Fun "Fever Pitch" Brings Together Men, Women and Sports
- Annabelle Robertson Entertainment Critic
- Updated Jul 27, 2007
Release Date: April 8, 2005
Rating: PG-13 (for crude and sexual humor, and some sensuality)
Run Time: 101 min.
Director: Bobby & Peter Farrelly
Actors: Drew Barrymore, Jimmy Fallon, Lenny Clarke, Jack Kehler, James B. Sikking
Oh, the connection between men and sports. Is there anything more simple – or more complicated? And why, oh why do we put up with it?
Ever since Ben (“Saturday Night Live” alum Jimmy Fallon) was a kid, he’s watched the Red Sox play, sitting beside his only male role model – his beloved uncle Carl. Overall, Ben is a really nice guy. Infatuated with corporate superstar Lindsay (Drew Barrymore), he spends their first date nursing her back to health and cleaning her bathroom, after she comes down with a nasty case of stomach flu. He’s so thoughtful, he even brushes her dog’s teeth. For the work-obsessed Lindsay, this definitely makes up for the fact that Ben’s “just” a school teacher. She’s tired of dating corporate yuppies, anyway.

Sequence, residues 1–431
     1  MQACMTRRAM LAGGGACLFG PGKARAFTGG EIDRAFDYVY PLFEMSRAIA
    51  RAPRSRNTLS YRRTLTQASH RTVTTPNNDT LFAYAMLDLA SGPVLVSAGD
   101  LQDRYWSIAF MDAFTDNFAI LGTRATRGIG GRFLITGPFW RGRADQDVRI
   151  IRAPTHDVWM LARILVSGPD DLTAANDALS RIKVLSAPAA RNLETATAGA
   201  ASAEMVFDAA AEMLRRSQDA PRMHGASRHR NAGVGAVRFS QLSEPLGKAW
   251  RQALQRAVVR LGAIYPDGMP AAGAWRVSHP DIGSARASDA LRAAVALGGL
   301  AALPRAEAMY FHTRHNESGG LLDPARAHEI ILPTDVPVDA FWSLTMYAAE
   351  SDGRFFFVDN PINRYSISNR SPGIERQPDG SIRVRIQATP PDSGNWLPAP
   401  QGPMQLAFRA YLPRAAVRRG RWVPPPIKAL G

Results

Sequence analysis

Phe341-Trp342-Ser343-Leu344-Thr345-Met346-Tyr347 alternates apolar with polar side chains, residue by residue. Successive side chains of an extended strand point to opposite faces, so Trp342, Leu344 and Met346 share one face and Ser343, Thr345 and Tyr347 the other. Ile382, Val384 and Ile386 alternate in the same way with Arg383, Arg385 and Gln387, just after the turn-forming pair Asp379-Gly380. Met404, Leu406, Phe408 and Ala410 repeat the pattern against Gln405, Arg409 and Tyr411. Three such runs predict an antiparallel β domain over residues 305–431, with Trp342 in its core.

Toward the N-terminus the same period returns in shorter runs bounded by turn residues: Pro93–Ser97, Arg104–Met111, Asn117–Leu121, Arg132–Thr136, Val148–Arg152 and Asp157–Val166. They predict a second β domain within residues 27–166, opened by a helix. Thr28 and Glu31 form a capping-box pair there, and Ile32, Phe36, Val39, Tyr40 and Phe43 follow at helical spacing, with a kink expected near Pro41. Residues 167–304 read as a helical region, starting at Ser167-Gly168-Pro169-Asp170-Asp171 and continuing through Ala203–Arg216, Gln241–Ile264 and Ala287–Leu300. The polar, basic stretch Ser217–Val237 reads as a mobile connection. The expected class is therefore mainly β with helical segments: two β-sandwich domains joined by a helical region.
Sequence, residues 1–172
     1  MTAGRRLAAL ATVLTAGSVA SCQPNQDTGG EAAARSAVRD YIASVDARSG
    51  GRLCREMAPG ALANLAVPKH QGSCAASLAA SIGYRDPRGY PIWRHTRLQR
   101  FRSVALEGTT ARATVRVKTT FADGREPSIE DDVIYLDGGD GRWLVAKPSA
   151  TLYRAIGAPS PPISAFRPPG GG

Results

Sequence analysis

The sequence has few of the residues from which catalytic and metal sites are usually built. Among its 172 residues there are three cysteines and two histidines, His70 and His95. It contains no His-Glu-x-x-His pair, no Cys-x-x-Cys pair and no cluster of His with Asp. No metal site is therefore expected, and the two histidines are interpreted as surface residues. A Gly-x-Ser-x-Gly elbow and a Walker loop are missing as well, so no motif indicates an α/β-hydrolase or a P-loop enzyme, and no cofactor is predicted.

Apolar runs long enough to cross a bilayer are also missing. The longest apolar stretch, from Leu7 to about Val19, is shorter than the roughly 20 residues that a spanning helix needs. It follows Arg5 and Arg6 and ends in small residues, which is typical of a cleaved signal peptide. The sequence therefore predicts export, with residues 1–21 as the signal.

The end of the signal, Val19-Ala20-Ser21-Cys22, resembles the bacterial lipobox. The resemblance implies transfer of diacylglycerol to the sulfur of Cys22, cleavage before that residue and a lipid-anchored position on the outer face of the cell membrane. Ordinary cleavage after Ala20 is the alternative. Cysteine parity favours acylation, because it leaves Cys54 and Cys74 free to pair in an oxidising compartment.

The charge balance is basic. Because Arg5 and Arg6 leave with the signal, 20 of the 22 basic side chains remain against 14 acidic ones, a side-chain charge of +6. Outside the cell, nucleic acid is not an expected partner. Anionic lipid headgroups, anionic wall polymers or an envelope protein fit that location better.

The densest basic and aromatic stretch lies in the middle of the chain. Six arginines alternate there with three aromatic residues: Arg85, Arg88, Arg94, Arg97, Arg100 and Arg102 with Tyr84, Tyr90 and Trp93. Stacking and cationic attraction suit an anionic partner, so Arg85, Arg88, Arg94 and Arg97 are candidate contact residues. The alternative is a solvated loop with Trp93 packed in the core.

It’s still winter, however, which means that Lindsay hasn’t discovered the truth about Ben. Ben’s not just your average baseball fan. He’s “one of God’s most pathetic preachers – a Red Sox fan.” Meaning, he is completely and totally obsessed with that team, largely thanks to the dugout season tickets his uncle willed him. Lindsay’s married friends warn her. “There’s a reason he’s still single,” they insist, to which Lindsay replies, “Maybe he just hasn’t found the right person.” “Well,” one quips, “by now he should be with the wrong person.” Cut to Ben’s apartment, a living homage of Red Sox sheets, pillows, blankets, towels, shower curtain and memorabilia that covers every square inch of wall – except one, painted green and intended to evoke “The Green Monster,” the back wall of Fenway Park. Ben’s wardrobe also consists largely of Red Sox logo wear. His toilet paper, however, bears the New York Yankees logo.